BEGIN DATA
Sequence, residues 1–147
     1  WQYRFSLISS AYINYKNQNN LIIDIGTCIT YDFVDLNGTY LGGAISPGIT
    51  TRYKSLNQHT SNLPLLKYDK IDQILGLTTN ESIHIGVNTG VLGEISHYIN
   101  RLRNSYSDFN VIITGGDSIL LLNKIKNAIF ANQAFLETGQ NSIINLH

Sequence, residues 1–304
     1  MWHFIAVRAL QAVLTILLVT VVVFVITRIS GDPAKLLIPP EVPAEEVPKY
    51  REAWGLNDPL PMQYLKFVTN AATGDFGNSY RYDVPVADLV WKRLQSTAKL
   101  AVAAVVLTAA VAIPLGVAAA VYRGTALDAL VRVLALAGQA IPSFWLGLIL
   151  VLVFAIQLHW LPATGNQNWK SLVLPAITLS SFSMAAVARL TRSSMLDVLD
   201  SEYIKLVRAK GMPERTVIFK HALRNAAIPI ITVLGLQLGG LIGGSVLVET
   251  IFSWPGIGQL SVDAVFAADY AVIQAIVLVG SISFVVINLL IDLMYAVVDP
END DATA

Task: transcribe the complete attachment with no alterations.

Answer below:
Sequence, residues 1–147
     1  WQYRFSLISS AYINYKNQNN LIIDIGTCIT YDFVDLNGTY LGGAISPGIT
    51  TRYKSLNQHT SNLPLLKYDK IDQILGLTTN ESIHIGVNTG VLGEISHYIN
   101  RLRNSYSDFN VIITGGDSIL LLNKIKNAIF ANQAFLETGQ NSIINLH

Sequence, residues 1–304
     1  MWHFIAVRAL QAVLTILLVT VVVFVITRIS GDPAKLLIPP EVPAEEVPKY
    51  REAWGLNDPL PMQYLKFVTN AATGDFGNSY RYDVPVADLV WKRLQSTAKL
   101  AVAAVVLTAA VAIPLGVAAA VYRGTALDAL VRVLALAGQA IPSFWLGLIL
   151  VLVFAIQLHW LPATGNQNWK SLVLPAITLS SFSMAAVARL TRSSMLDVLD
   201  SEYIKLVRAK GMPERTVIFK HALRNAAIPI ITVLGLQLGG LIGGSVLVET
   251  IFSWPGIGQL SVDAVFAADY AVIQAIVLVG SISFVVINLL IDLMYAVVDP